We ate and organized our in-tent gear and crawled out of our wet burrow. Water poured under foot. We were badly cramped and left weak from days of inactivity. Our breathe caught in our throats as we could see the edges of fog patches move across the vacuous valley; an edge on the fog means a deeper view into the distance. The ridgeline two miles distant came into view if only for a moment. Increasing larger openings in the fog floated up the valley riding the south winds.

We might be able to actually see our route down the mountain!

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PostPosted: January 17th, 2015, 12:46 pm 
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We were fairly readily able to pick our way down to the saddle but as we approached the saddle we were pretty concerned that we'd get 'cliffed out' and not safely be able to descend the last two hundred yards. We had a few trick steps but found a route off the small cliff.

The saddle and downward turned out to be a far worse brushy, bouldery mess than what it looked like when we had flown in or from the mountain looking down. It would require careful and deliberate navigation, a common theme in slopes leading to and from goat country.

I snapped this photo showing a wall of fog quickly rolling in that hints at how quickly visibility can be eliminate.

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17-WallofFog (768x1024).jpg
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PostPosted: January 17th, 2015, 12:54 pm 
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Eventually, several hours later, a wet slimy dual staggered to our gear stash/drop off point. We called the air taxi and called for a pickup.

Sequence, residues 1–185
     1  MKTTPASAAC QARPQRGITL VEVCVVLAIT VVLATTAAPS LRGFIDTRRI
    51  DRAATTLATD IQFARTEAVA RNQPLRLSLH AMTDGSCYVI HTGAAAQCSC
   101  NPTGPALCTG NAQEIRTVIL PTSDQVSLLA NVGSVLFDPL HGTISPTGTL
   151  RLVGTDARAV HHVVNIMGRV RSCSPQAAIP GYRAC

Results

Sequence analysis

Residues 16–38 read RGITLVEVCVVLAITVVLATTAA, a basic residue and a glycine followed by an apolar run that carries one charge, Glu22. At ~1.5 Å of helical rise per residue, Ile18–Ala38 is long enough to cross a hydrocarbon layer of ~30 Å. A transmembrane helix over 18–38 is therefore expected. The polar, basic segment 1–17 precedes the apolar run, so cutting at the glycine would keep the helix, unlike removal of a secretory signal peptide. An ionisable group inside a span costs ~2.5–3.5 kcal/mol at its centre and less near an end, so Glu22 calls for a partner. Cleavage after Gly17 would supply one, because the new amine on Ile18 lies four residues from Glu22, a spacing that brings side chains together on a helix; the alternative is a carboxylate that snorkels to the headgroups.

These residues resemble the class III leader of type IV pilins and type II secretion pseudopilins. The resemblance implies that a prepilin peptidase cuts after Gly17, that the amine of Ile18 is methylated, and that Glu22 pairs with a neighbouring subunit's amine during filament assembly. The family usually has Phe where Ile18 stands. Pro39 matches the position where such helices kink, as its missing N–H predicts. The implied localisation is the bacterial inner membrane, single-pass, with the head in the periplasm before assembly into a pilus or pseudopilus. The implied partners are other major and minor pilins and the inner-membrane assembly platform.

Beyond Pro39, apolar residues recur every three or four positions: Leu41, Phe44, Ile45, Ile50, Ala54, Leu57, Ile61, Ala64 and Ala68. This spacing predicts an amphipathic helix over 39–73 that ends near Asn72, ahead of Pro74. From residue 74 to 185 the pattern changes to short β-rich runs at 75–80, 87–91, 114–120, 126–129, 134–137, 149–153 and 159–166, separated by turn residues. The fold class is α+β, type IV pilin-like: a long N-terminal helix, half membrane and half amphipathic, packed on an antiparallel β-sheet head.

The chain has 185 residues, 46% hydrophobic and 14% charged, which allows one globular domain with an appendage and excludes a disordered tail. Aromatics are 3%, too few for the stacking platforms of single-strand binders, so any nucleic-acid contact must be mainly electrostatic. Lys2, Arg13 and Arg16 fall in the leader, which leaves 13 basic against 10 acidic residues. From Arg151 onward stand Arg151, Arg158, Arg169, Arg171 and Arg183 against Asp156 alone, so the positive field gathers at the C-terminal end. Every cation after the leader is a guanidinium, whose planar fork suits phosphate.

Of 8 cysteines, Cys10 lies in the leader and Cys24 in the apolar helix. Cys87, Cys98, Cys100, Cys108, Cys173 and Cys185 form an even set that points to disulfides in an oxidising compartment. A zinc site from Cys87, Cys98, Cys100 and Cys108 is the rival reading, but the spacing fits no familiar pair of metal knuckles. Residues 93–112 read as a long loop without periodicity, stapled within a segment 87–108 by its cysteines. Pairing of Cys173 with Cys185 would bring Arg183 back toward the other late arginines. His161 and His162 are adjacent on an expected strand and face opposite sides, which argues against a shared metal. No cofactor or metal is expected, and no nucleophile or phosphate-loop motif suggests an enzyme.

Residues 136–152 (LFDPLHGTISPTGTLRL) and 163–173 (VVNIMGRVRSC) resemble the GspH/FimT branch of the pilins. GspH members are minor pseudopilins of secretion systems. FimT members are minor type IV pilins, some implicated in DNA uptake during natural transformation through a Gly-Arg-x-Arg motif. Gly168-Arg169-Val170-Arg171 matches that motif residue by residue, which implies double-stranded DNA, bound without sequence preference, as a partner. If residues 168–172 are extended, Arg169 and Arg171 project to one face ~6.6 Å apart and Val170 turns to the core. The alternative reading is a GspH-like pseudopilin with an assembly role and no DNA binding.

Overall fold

It is common on Southeast Alaska goat hunts to be trapped in a fog bank for days, everyday hearing planes flying below, in the clean, low elevation sky. Frustrating to say the least!

We had a beautiful flight back to town, flying over ridges we had hunted in the past, and ridges we will hunt in the future.

We communicated by hand signal in the noisy plane when we would see goats on the ridges below or where a great looking route from salt water to goat country appeared, paths to our future alpine adventures!

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PostPosted: January 17th, 2015, 12:55 pm 
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Kevin Dill wrote:
I have a number of questions, but after the story ends.


Go-Yo!


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PostPosted: January 17th, 2015, 2:08 pm 
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Loved the story...well told! Only someone who has been in a near-disaster can appreciate the gut-check / sphincter-clench that happens.

Did that orange-red tent interior affect your mood either positively or otherwise?

Single-wall tent? Condensation?

Notwithstanding weight issues, would 50' of small diameter climbing rope ever be worth carrying?

Small PLB?


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PostPosted: January 17th, 2015, 2:42 pm